Friday, March 26, 2010

7 Keys of Great Teaching Inventory

The heart of Leadership Education is based on the 7 Keys of Great Teaching. These 7 Keys are principles that can be applied to many education methods.
  1. Mentors NOT Professors
  2. Classics NOT Textbooks
  3. Quality NOT Conformity
  4. Inspire NOT Require
  5. Structure Time NOT Content
  6. Simple NOT Complex
  7. You NOT Them
Keys 4-5 apply most readily apply to the Love of Learning Phase. This is the phase that La is in right now. Key 7 applies to me. Every so often I like to take an inventory of how I am applying these ~ so here it goes.

4. Inspire NOT Require

So I do a pretty good job of NOT Require. I try to not put academic demands on La and let her set her own academic goals. Right now she loves reading which makes the "productive mama" in me very happy. This is not easy for me. I LOVE worksheets & projects with defined parameters. La's brain works in just the opposite way, so it a challenge for me to let her go about her own way. But it is paying off ~ she has discovered she loves reading, history & art. I have a tougher time with Inspire. Most of what I do to inspire is interpreted by La as trying to control content. As soon as I see that glazed-over look I can tell she is shutting down to the idea and I know I need to change gears. The last thing I want is for her to develop a "hate of learning" by being is bored and uninterested. So I have found this next Key to be The Key to Inspiring.

7. You NOT Them

This Key is based in the idea that your children will rise to the level of education of the parents. It's about setting an example of a life long learner and getting a great Leadership Education yourself. When I do this I find La getting inspired. When I am setting goals, striving towards those goals, reading, writing, working on memorization, and developing skills, La becomes interested in what I am doing and dapples in it herself. The problem is the When. I am great at structuring this on paper, but mediocre at follow through. It seems there is always something happening ~ a broken washing machine, visitors, field trips, planning our history club~ that I let get in the way of my studying. It's a matter of discipline. I know it! Something to continue to work on.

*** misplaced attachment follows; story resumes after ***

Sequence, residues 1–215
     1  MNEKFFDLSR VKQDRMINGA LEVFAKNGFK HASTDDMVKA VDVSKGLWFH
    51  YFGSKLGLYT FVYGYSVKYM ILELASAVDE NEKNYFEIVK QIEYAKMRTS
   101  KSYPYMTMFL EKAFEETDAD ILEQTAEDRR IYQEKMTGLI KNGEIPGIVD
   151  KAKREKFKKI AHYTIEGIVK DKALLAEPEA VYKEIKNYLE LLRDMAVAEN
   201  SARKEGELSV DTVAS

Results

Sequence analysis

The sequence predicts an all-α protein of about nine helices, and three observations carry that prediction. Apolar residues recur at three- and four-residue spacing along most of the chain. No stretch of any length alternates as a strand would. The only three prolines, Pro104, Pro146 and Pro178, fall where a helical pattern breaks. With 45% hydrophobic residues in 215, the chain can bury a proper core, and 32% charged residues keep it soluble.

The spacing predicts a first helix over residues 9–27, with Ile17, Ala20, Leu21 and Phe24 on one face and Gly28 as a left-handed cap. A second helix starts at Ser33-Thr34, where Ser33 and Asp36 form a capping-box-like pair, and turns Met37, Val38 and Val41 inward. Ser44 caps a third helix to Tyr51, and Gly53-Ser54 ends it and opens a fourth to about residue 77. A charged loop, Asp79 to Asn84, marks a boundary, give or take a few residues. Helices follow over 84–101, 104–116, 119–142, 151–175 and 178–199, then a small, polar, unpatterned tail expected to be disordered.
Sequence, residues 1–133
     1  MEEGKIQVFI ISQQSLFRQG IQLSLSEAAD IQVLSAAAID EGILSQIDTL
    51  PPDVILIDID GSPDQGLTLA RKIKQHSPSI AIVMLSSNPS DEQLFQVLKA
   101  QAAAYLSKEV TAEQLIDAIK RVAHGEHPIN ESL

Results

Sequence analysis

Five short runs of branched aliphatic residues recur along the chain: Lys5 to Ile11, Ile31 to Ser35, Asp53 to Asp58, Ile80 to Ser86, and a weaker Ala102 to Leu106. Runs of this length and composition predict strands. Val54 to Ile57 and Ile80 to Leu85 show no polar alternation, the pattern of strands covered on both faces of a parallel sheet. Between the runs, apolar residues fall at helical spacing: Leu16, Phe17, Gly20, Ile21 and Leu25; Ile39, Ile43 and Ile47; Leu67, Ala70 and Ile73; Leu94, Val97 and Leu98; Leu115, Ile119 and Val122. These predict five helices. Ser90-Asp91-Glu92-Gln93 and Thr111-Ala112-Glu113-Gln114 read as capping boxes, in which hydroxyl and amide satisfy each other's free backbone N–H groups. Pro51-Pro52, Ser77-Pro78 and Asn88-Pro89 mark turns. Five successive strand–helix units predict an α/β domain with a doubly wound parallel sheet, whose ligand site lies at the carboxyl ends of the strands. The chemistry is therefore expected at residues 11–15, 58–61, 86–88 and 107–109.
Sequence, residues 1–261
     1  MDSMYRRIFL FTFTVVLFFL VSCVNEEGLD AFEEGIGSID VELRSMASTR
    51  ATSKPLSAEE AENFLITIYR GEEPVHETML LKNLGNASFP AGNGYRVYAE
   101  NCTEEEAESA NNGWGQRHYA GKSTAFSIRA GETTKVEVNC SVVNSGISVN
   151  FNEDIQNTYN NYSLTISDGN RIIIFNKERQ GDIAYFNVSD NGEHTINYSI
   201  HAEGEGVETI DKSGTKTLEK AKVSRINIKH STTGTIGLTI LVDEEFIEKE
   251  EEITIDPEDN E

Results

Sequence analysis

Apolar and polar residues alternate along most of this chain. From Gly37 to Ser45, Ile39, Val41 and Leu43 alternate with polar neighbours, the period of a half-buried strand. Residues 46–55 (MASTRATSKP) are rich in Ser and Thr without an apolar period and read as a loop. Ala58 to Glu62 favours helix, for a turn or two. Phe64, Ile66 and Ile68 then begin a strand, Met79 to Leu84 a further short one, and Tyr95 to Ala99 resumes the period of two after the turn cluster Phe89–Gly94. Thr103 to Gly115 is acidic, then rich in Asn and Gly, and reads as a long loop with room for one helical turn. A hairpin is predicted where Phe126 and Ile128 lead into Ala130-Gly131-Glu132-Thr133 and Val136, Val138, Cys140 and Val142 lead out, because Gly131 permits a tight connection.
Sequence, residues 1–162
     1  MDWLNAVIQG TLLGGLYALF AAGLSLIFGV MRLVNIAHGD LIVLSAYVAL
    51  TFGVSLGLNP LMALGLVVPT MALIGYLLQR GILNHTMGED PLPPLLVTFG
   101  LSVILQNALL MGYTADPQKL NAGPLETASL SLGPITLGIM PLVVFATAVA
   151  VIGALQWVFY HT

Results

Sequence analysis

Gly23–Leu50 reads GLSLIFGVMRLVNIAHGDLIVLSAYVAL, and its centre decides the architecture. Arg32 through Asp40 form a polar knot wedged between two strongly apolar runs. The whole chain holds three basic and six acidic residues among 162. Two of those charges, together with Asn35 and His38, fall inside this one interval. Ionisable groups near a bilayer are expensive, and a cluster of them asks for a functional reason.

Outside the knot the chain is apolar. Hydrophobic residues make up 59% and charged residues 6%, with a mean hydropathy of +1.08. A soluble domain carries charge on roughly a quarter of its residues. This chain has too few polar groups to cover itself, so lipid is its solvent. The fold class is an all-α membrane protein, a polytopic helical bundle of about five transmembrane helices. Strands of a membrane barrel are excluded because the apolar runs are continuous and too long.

5. Structure Time NOT Content

I have down NOT Structuring Content. This took a couple years to completely give up, but I have finally done it. I would go back and forth with one foot on the Conveyor Belt. I have stopped looking at State Standards and anything that tries to tell me what La "should" be learning. This has been a very freeing decision. I am with her everyday. I see her work. I know were she is ~ exactly were she should be ~ on her own individual academic and development schedule. Now, Structure Time has been a challenge. Again, I am great about writing out a schedule ~ but not so great in following it. When I do, we have great days. When I don't, our days are fair to worse. Not giving into the urgent, keeping our mornings at home consistent, disciplining myself to follow a schedule when I don't feel like it are challenges for me. It's not that everyday has to follow the same schedule. There are field trips, ski days, days we watch other children for friends, etc.. All of these things have great value and including them in our lives is a big reason why we homeschool. Still, there needs to be a balance between outside opportunities and regular home time. I would be happy with 3 consistent weekdays per week at home on a schedule. I would say this happens in spurts of a couple months at a time and then we get off kilter with something and need to fight our way back.

6. Simple NOT Complex

this Key is to say that learning should be simple. I have this one down. Our studying includes 3 methods.
  1. Reading great books ~ together & independently
  2. Me asking La what she wants to learn about and then we go about learning it through more books, the internet, games and projects which can take many forms
  3. La coming along side me in what I am studying
I don't think it can get more simple than that.

So, at the end of my inventory I come to two conclusions. You NOT Them is the key to Inspiring and in order to accomplish this, I need to develop more disciple and follow through with Structuring Time. This has been a life long challenge for me. I am so thankful I am not in it alone!